Timber sash and case 20-pane windows to piano nobile, 3-pane plate glass at ground. Piended roofs; grey slates; ashlar stacks.

INTERIOR: very fine, especially at 1st floor. Low vestibule with depressed arches leads to stair hall flanked by pair of Imperial stairs, with Coade stone figures; elaborately plastered function room straight ahead and down (presumably Anderson & Paul), remaining principal rooms at (or entered from) 1st floor. Henderson's Saloon, domed square lined with Doric columns, with some later decoration, and Ballroom; latter fills front of building, with ceiling roses and fluted Corinthian pilasters added by John Baxter, 1796, and apse and shell-headed doorway added 1865 (although Bryce designed this alteration in 1857). Music Hall of Greek Cross plan with platform in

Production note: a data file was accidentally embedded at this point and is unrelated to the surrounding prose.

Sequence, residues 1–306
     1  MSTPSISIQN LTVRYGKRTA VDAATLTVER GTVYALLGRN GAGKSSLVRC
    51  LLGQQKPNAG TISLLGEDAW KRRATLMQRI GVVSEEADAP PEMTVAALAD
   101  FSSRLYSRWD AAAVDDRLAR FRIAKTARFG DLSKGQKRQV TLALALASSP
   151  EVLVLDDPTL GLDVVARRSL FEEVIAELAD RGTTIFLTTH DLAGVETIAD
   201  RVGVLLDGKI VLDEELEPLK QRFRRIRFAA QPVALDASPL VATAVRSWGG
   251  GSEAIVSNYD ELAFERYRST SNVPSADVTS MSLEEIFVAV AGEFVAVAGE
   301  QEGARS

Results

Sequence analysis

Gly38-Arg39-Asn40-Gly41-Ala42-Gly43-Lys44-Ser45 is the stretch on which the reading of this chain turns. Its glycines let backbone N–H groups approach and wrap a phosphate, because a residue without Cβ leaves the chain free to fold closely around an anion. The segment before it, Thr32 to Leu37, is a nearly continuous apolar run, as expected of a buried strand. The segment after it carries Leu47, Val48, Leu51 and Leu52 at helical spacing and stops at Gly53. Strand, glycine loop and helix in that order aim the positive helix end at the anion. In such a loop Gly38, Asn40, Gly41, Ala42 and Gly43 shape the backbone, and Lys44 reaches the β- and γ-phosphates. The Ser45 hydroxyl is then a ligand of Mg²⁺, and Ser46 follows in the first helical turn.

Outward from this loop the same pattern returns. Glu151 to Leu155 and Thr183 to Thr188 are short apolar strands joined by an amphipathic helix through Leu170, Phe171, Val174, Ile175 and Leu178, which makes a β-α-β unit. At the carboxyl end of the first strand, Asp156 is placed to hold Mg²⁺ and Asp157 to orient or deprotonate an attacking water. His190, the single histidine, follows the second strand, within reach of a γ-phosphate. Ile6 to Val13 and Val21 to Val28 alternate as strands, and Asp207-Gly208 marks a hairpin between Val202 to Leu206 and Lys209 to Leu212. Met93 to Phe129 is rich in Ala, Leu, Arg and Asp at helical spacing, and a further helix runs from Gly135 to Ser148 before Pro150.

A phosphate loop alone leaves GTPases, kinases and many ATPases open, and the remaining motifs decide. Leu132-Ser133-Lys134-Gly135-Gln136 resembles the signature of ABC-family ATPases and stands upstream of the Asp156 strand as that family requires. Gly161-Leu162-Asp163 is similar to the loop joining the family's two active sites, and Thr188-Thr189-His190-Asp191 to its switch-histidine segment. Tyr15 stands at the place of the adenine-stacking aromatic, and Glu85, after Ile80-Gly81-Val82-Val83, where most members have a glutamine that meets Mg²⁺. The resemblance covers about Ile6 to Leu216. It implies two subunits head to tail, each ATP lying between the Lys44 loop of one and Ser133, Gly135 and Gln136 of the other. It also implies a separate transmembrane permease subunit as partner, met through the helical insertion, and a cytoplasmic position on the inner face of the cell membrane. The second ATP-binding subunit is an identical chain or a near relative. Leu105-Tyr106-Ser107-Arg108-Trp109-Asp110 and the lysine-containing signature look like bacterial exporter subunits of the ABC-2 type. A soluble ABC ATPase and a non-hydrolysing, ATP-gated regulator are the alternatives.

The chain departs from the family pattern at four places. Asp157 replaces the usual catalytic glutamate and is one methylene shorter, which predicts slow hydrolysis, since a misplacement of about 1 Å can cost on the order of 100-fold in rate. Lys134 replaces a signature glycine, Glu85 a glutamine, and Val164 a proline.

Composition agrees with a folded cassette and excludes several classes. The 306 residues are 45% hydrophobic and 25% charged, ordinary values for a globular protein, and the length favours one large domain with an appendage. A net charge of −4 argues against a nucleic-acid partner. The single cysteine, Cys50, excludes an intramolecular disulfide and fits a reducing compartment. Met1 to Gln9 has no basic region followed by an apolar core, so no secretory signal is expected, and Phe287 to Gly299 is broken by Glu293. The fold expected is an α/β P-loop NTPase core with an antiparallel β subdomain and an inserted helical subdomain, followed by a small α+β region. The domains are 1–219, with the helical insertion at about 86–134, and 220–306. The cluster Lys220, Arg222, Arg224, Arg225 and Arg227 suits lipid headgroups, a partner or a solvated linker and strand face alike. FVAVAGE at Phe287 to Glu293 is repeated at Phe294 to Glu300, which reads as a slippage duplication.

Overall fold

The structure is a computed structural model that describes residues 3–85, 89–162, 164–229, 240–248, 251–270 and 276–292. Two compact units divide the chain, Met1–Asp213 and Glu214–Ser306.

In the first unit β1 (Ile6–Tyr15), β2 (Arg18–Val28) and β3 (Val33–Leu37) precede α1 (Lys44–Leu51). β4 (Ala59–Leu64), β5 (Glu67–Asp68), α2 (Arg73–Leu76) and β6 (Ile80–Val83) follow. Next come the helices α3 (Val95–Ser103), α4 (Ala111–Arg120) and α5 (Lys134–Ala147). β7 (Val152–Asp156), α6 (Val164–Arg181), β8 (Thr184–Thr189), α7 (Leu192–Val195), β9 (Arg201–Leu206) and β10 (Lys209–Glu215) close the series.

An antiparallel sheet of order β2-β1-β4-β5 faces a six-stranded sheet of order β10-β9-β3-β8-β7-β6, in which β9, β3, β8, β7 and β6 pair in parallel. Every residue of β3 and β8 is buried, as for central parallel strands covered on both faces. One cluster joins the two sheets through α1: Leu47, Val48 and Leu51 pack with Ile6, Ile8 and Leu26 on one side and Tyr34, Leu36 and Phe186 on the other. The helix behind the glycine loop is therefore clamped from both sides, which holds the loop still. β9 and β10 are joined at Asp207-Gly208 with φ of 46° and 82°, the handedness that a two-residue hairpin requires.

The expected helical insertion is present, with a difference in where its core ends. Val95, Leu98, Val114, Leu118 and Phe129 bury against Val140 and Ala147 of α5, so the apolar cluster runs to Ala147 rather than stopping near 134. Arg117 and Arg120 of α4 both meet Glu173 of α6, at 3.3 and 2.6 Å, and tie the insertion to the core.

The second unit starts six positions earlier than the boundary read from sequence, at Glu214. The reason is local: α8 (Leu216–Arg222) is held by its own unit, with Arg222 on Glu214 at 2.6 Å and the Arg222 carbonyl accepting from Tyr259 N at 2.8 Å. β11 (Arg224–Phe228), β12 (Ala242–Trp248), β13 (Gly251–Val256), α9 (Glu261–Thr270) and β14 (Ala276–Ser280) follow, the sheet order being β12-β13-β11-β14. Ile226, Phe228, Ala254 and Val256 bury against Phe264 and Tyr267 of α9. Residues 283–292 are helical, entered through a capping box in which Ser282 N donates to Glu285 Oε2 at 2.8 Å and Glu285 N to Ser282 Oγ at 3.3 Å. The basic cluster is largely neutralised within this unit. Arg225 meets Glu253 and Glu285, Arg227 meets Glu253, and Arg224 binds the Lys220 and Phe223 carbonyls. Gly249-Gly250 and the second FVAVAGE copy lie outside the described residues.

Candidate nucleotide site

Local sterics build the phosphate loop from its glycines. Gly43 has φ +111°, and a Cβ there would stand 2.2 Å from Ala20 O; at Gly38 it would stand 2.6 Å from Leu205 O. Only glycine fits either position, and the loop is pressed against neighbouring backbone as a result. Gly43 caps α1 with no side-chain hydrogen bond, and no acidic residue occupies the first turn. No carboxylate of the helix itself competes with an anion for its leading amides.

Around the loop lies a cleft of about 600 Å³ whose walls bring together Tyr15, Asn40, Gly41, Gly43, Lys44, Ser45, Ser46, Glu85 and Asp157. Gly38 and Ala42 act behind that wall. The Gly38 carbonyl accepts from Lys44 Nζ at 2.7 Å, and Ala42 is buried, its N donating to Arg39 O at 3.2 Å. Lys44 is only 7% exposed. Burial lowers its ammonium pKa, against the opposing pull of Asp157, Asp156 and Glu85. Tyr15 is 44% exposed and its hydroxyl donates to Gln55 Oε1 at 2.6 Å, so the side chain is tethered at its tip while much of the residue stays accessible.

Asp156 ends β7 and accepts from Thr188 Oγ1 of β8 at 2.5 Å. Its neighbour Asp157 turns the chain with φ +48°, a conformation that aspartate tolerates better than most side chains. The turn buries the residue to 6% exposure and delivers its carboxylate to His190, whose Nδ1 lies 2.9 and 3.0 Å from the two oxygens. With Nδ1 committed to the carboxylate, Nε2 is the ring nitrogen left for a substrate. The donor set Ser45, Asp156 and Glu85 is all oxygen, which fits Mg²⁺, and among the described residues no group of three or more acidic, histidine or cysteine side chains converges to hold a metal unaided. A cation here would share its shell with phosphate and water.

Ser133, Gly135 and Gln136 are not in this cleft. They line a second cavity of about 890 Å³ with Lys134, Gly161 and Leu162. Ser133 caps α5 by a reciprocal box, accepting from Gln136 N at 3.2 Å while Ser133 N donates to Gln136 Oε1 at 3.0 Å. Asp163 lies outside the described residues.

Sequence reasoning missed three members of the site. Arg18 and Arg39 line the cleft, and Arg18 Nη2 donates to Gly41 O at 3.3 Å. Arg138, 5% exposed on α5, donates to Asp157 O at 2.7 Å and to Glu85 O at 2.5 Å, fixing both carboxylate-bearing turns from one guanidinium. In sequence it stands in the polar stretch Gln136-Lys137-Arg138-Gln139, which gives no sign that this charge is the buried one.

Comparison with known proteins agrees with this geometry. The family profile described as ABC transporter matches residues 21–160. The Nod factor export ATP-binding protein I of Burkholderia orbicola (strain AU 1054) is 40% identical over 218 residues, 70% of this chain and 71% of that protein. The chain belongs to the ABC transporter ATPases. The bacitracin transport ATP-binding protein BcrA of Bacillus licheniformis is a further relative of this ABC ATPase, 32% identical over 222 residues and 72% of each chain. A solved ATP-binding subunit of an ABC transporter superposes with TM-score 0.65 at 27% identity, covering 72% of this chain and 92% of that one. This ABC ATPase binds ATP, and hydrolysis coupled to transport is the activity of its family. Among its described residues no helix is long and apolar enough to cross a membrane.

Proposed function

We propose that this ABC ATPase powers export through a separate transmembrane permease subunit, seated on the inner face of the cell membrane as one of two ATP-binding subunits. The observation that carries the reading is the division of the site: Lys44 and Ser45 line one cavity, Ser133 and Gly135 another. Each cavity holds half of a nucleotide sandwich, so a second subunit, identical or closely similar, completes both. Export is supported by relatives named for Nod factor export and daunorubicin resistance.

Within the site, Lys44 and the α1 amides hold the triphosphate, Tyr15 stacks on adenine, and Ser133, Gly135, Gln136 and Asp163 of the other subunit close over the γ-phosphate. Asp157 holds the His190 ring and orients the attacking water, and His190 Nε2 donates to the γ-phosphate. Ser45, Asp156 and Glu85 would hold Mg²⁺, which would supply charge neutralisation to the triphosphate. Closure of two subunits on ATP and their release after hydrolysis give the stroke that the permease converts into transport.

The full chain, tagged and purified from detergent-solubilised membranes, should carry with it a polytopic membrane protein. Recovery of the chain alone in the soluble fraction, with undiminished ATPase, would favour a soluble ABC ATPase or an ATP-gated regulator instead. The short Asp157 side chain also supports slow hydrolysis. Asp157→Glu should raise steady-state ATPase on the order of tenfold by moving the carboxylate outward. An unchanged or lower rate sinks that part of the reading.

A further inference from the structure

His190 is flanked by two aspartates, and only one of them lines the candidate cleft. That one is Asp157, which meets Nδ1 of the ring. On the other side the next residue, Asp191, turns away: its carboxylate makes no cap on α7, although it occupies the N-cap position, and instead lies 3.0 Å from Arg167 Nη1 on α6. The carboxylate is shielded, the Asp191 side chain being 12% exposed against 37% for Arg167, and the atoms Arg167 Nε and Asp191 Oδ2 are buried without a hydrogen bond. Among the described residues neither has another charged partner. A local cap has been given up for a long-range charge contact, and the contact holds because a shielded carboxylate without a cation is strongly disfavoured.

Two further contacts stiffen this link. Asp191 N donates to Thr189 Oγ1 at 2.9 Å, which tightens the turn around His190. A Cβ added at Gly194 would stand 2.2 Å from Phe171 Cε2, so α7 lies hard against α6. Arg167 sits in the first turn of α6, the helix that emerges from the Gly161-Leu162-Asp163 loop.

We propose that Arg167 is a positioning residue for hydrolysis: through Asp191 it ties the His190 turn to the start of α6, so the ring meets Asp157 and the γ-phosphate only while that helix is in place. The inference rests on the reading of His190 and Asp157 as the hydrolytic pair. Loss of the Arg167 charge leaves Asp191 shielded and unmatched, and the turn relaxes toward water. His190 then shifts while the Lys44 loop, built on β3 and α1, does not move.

S arm and gallery in N; segmentally vaulted ceilings and shallow central dome on pendentives; coffers and rosettes. Spectacular crystal chandeliers in principal rooms.

GATEPIERS: corniced ashlar gatepiers to pends at rear.

Statement of Special Interest

A Group with Nos 30-60 (Even Nos) George Street. The Assembly Rooms is an outstanding example of the late 18th century public building, continuing its original use for public functions. It forms an important part of the original fabric of Edinburgh's New Town, one of the most important and best preserved examples of urban planning in Britain.

The Assembly Rooms were built by public subscription, on a site given by the city, and cost over £6,000. They were initially furnished by Young and Trotter.